Missing the Marea? Still smitten by the Stilo? Sergio’s got something for you.
Is Sergio Marchionne still shaking flak out of his bulk-knit cardigan? His demeanour on the first media day may have suggested otherwise, and FCA’s workrate can’t be faulted, notwithstanding more than a little help from their Japanese and Turkish friends. The recently launched, Turkish-built Tipo saloon, was joined at Geneva by a five door hatchback and a useful looking estate car. The saloon and hatch could be dead ringers for the – wholly unrelated – Qoros 3, even down to the chrome doorhandles. Some also saw echoes of the Brava and Marea. Can it really be twenty years since these hire fleet heroes first appeared?
The Nuova Tipo is not a rework of these ‘90s cars, but a new design, using a current Fiat platform and engines. It’s reported that much of the engineering work on the Nuova Tipo was undertaken by FCA / Koç Holding joint venture Tofas, although the styling was the work of Fiat Centro Stile, and the cars sit on the Fiat Small Wide platform, which has evolved from the 2005 Grande Punto’s component set shared with GM. The Tipo’s first production base is Tofas’s Bursa plant, and engines include two sizes of MultiJet diesels, a 1.4 litre indirect injection FIRE, and the 1.6 litre EtorQ, a lightly upgraded version of the BMW/Chrysler Tritec engine which powered the first-generation MINI, still produced in Curitiba, Brazil. TwinAirs and petrol turbos are conspicuous by their absence.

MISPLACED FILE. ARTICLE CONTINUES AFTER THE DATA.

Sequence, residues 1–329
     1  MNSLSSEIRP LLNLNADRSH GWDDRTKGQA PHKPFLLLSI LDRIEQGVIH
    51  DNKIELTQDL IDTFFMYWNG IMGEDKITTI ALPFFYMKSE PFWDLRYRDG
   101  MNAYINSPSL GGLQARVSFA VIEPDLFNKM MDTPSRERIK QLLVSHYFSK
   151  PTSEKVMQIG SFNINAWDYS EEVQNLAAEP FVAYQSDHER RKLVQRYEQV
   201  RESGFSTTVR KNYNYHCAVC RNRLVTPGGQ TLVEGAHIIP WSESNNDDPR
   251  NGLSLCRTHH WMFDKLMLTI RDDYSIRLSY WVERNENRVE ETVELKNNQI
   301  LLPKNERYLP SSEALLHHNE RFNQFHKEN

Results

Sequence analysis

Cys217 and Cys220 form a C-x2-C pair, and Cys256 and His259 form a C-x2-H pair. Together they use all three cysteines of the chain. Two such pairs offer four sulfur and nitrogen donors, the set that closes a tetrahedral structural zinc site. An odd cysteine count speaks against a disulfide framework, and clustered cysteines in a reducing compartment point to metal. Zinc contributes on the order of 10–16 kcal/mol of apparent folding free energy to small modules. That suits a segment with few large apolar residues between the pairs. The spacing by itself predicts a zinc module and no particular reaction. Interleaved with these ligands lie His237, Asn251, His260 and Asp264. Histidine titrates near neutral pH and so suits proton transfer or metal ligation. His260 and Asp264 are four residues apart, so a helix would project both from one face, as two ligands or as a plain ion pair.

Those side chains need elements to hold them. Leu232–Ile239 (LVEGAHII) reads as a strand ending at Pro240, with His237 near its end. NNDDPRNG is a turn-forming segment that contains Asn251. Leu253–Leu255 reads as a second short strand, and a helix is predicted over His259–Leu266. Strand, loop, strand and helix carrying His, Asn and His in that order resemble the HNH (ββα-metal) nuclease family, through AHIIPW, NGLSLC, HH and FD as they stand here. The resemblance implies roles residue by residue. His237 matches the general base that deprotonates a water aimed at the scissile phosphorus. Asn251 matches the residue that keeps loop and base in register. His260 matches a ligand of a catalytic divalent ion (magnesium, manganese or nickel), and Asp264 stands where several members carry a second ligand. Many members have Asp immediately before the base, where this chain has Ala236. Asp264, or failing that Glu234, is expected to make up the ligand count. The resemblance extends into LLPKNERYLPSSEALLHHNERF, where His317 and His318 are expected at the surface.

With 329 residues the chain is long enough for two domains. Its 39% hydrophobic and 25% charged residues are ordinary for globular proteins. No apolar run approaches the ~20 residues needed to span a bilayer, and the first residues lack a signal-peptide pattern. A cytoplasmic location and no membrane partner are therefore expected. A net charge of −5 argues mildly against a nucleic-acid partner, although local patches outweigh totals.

The first pictures of the Aegea concept suggested something which had enough flair and character to carry a Prisma badge and keep these fast-selling Ypsilons company in the Lancia showrooms. The production reality is a neat, visually unchallenging exterior which successfully avoids looking like a “developing world” car. The interior is less successful, gloomy, generic, devoid of delight and any hint of luxury even in the top-end ‘Easy’ trim. Rather at odds with this was the Easy’s high level of equipment and “infotainment” features, including a multi-function steering wheel so laden with secondary controls that the bewildered driver might forget its primary function. Simpler specifications are available, and they probably suit the spirit of the car better.
I checked some wheelbase dimensions and confirmed my notions about where the Tipo sits:
VAG Rapedo: 2602mm
Dacia Logan 2: 2634mm
Stablemates and antecedents:
Nuovo Bravo: 2600mm
Delta (Tipo 844): 2700mm
Giulietta (Tipo 940): 2634mm
In France the Tipo is a €12-20,000 car, therefore it sits alongside the Škoda / Seat Rapedo, and above the Dacia Logan.
Some time before its European launch, Fiat brand CEO Olivier Francois described the Tipo’s brand positioning as being “like IKEA”. The unkind might say it is more Aldi or Lidl. The Geneva strapline “You don’t need much to get a lot”, could come from either German Merchant.
At least in Europe, Fiat are not talking of the sky-high sales ambitions they had for preceding C-segment products – remember the 450,000 per year target for the Stilo? The best it managed was 170,000.
There’s no such thing as a truly basic car these days – legislation and consumer expectations have seen to that. However, even in supposedly sophisticated Europe, there is a demand for unpretentious, good value vehicles. If the pricing is right, and the dealer networks are up to the job, the Tipo range looks well placed to take a slice of the Skoda and Dacia action, and also fill the space left by the Koreans as they hubristically move upmarket.